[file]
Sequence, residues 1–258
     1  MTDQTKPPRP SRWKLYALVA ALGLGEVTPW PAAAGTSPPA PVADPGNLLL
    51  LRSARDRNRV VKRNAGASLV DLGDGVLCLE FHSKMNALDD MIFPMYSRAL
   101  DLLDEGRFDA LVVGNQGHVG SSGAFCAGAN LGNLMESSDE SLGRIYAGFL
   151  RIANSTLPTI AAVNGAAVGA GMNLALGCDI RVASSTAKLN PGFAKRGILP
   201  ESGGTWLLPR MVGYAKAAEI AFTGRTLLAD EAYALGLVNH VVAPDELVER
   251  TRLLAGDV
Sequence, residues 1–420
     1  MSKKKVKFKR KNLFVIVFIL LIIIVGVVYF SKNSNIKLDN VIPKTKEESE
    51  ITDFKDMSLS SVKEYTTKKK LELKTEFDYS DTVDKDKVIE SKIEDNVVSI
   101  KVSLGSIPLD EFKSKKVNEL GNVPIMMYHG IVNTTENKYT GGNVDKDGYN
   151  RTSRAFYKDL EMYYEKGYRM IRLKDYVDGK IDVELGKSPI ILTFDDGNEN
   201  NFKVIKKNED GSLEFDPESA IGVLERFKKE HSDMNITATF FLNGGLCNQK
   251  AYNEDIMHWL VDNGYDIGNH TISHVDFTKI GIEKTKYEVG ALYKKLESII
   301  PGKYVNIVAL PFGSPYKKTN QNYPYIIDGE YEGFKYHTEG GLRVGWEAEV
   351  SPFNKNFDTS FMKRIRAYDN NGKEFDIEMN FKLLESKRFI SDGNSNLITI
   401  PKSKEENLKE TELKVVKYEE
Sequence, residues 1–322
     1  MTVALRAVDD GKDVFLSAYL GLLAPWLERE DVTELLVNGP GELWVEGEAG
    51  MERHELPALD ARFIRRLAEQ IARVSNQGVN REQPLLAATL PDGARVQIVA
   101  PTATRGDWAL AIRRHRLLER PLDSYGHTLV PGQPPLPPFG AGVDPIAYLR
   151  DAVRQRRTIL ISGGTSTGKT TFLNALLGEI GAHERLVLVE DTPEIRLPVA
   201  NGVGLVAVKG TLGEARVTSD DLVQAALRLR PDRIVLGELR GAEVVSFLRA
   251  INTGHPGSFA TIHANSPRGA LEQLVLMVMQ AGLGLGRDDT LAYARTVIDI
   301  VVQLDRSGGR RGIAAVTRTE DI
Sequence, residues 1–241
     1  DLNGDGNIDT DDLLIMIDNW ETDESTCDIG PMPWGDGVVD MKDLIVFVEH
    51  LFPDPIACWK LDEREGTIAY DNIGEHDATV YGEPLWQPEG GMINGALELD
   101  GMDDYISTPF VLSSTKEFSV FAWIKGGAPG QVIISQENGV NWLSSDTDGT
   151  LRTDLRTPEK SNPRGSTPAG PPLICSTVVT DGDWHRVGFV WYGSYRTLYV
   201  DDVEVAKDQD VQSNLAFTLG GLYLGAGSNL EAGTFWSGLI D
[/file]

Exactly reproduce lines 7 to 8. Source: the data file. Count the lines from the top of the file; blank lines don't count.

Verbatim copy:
   251  TRLLAGDV
Sequence, residues 1–420